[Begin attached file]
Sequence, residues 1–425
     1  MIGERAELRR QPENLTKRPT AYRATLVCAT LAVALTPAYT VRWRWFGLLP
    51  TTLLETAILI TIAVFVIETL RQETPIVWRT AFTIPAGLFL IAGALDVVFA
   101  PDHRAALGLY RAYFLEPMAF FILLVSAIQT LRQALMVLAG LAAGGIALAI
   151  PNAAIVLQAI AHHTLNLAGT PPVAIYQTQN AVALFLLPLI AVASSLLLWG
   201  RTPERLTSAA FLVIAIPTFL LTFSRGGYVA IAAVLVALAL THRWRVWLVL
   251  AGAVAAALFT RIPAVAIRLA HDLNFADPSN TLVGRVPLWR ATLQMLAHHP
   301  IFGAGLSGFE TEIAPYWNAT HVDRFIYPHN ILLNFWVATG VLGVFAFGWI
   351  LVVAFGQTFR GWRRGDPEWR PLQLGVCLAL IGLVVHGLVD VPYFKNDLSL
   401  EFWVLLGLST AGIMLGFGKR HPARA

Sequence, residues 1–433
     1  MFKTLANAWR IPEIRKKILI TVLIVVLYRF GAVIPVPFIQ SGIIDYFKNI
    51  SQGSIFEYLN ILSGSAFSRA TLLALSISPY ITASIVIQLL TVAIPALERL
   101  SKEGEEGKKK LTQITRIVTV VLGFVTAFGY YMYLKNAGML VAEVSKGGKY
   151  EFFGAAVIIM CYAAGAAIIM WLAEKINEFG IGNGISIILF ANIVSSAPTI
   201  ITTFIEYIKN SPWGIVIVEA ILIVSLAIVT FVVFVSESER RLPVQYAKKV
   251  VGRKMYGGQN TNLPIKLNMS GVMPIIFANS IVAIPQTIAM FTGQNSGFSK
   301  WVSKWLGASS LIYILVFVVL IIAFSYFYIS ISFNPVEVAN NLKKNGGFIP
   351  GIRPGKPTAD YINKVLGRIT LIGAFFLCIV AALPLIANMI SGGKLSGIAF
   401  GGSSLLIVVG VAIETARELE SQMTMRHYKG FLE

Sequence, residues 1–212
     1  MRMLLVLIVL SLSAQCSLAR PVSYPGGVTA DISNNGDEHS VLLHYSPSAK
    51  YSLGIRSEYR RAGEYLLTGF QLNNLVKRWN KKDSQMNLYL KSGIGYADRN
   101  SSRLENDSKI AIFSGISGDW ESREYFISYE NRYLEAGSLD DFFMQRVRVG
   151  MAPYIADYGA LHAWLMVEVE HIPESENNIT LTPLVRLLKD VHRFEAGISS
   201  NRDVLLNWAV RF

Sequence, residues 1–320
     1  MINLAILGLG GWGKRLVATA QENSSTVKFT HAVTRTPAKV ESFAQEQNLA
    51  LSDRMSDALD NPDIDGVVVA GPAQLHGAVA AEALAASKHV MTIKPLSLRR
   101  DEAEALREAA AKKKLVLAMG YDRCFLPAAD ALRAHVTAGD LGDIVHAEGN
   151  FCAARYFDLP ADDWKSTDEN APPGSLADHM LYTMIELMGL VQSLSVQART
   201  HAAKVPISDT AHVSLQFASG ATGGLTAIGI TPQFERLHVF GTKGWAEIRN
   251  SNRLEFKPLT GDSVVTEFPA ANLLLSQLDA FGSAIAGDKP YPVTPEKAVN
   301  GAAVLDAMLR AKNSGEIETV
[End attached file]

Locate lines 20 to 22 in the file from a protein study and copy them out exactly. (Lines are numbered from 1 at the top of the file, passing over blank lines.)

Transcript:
   401  GGSSLLIVVG VAIETARELE SQMTMRHYKG FLE

Sequence, residues 1–212
     1  MRMLLVLIVL SLSAQCSLAR PVSYPGGVTA DISNNGDEHS VLLHYSPSAK